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schoolgirlsIran
Civil SocietyFree Speech

The First Day of School in Iran: You Can’t Say “That”

At the end of September, children all over Iran begin their first day of school. It’s an exciting time, filled with hope and the promise of new friends and new experiences. For many children it’s also about learning how different the world of the family is from the world outside the family. Many people were interviewed for this article. Some had come of age during the darkest days after the revolution, during the war with Iraq. Some had children who had recently begun school.

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Nasrin Sotoudeh demonstrating in front of the Bar Association
Civil SocietyFree Speech

Lawyer Nasrin Sotoudeh Stages Sit-In

Arseh Sevom–Iranian lawyer Nasrin Sotoudeh is protesting her three-year suspension from practicing law with a protest in front of the Iran Bar Association. She has been joined by a number of other dissidents, including Mohammad Nourizad and Mohammad Maleki. Sotoudeh explains the reasons for her protest beginning with this point: “The Iranian government has been depriving dissidents from the right to life, education and work for many years.”

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Civil SocietyFeatured Topics

The Day I Became a Feminist

Arseh Sevom–Feminism is essentially the idea that women and men should have equal rights and opportunities. “The notion of freedom for men is not reality in Iran as long as women are not equal” Safoura Elyasi writes. She spoke to several Iranian male activists about their relationship to feminism. One told her: “A lot of people think that women are not currently in the right situation to be treated equally, so we should not extend equality to them. Equality needs to be in the act. It’s related to power. This idea that women are not ready for equality so they should not have it is flawed. In addition to civil actions, we need underlying cultural changes.” In part one of a two part article, we hear from three different men.

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نسرین-رضا
Civil SocietyFeaturedFeatured Topics

Nasrin Sotoudeh: Equality Will Prevail

Arseh Sevom — In this exclusive interview with Arseh Sevom editor Mohammad Reza Sardari, human rights lawyer Nasrin Sotoudeh discusses the very personal impact of her struggle for equality and justice. She tells of a young son who lost his childhood. “I grew up all of a sudden,” he tells her. In 2013, she was released from prison after serving three years of a six-year sentence for her activities defending the rights of her clients. In this interview, she reminds all of us that there is a price worth paying for the achievement of justice and equality.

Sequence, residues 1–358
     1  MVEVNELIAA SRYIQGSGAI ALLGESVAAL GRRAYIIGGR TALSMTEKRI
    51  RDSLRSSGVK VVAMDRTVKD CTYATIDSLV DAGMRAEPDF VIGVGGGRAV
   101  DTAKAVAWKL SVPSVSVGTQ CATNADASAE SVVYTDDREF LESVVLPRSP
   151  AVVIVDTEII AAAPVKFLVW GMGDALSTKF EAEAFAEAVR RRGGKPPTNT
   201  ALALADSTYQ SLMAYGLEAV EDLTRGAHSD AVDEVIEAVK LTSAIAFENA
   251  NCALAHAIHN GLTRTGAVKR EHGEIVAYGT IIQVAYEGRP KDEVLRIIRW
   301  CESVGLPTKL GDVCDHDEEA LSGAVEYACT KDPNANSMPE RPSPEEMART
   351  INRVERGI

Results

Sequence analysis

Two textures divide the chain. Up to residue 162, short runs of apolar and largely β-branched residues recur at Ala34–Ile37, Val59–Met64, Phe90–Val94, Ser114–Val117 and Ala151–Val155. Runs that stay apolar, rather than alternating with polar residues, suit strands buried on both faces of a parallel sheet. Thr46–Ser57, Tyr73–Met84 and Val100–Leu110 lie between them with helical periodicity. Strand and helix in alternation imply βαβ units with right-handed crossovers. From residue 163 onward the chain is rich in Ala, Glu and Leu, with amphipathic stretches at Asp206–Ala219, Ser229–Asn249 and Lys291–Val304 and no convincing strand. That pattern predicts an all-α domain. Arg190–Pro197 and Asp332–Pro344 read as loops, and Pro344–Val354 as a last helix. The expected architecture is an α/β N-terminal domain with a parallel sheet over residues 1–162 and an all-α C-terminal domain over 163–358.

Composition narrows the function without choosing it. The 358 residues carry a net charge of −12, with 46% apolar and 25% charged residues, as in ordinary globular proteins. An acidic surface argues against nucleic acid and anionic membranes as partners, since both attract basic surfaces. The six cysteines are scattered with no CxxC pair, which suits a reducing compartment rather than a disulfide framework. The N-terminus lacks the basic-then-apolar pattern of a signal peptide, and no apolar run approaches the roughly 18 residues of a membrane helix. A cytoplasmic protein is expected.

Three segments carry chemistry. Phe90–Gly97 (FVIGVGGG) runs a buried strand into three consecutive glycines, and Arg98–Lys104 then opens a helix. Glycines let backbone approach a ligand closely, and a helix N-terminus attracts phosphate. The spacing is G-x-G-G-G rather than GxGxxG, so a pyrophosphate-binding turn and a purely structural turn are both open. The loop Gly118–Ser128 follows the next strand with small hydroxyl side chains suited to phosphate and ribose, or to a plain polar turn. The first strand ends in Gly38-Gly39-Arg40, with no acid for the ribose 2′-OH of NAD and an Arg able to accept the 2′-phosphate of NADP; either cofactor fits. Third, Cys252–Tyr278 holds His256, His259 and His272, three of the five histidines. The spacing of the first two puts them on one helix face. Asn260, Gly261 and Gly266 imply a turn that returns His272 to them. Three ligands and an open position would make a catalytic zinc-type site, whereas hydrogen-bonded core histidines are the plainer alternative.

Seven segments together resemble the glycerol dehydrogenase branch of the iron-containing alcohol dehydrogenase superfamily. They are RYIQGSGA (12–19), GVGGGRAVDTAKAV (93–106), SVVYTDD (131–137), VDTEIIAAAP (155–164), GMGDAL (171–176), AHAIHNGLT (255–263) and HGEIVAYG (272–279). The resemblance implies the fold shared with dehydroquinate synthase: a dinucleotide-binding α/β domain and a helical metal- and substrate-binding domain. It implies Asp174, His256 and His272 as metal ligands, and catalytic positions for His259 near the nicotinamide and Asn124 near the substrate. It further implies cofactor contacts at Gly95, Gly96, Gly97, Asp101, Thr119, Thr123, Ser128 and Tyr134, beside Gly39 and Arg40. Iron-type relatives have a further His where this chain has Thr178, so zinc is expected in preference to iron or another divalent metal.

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Fearing the Tyranny
Civil SocietyFeatured Topics

Iran — Fearing the Tyrant Not the Change

Arseh Sevom–The final post of a three-part series summarizing the Hivos report, The Green Movement: Seizing the State or Democratizing Society, examines the long struggle for democracy in Iran and the stunted growth of its civil society. Editor Shervin Nekuee states that “The most essential question these citizens have to deal with is whether they are capable of preventing the arrival of yet another tyrant…” Civil Society activist Sohrab Razzaghi says, “The fundamental issue is that the idea of a civil society is not yet considered a social project among Iranian intelligentsia and social forces […]”

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womens movement
Civil SocietyFeatured Topics

The Green Movement and Avoiding Violent Opposition

Arseh Sevom–The presence of women in the public demonstrations of the Green Movement before and after Iran’s 2009 presidential elections was undeniable. They were on the front lines, in public, advocating for change. Their voices were strong during the nightly chants from Tehran’s rooftops. The non-hierarchical structure of the womens’ movement and its long history building coalitions among people with different political ideologies was key for the dispersed leadership of the Green Movement. While the women’s movement may have contributed to the discourse on non-violence, violence is unavoidable for a resistance movement writes author Ammar Maleki in his contribution. He writes, “Civil resistance avoids violence, but it never escapes it; if that were the case then it would never be resistance.” In this short piece, chapters two and three of the Hivos report, The Green Movement: Seizing the State or Democratizing Society, are summarized. This is part two of a three-part series.

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AdvocacyHouse of Cinema

Security Forces Unlawfully Close Iran’s House of Cinema

Arseh Sevom believes that the interference from governmental bodies and security forces is the primary cause for the problems facing one of the biggest NGOs in Iran. What has happened to the members of House of Cinema in the past few years is a violation of their rights as recognized by the international community and by article 26 of Iran’s own constitution. Over the past few years, members of the House of Cinema have been under pressure from security forces. Now, security forces have locked them out of their own building.

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